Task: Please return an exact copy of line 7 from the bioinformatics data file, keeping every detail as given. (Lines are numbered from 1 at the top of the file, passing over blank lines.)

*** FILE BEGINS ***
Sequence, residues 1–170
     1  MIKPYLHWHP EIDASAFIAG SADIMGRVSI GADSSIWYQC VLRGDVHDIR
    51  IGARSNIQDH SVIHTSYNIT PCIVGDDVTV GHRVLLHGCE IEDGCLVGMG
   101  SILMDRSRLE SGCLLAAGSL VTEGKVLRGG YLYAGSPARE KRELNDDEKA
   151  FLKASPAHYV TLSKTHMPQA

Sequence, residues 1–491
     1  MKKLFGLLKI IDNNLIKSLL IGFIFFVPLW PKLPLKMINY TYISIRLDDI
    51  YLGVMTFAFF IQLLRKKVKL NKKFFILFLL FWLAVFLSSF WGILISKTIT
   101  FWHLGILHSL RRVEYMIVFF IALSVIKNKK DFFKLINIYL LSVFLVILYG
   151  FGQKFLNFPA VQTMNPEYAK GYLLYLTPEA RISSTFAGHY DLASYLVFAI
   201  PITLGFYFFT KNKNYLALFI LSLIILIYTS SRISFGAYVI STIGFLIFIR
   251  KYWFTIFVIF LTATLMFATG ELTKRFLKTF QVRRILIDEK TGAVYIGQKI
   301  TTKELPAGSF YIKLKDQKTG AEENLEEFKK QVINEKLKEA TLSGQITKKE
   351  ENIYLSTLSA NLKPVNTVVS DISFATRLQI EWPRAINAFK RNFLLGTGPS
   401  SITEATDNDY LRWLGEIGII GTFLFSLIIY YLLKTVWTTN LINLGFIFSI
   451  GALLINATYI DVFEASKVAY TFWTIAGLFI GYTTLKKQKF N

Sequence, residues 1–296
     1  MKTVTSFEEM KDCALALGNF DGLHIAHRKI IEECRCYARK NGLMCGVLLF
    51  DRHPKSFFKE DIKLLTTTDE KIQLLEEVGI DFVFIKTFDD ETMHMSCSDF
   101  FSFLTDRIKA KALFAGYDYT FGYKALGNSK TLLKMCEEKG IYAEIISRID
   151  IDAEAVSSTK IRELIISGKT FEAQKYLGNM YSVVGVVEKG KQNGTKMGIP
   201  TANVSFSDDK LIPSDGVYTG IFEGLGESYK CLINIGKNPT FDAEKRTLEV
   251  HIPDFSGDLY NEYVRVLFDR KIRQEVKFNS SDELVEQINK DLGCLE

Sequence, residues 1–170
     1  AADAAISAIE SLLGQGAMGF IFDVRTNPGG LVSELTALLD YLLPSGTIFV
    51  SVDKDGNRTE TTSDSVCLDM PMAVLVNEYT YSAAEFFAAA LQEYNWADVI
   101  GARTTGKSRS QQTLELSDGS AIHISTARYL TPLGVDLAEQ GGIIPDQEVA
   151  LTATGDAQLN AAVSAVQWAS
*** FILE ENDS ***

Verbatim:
     1  MKKLFGLLKI IDNNLIKSLL IGFIFFVPLW PKLPLKMINY TYISIRLDDI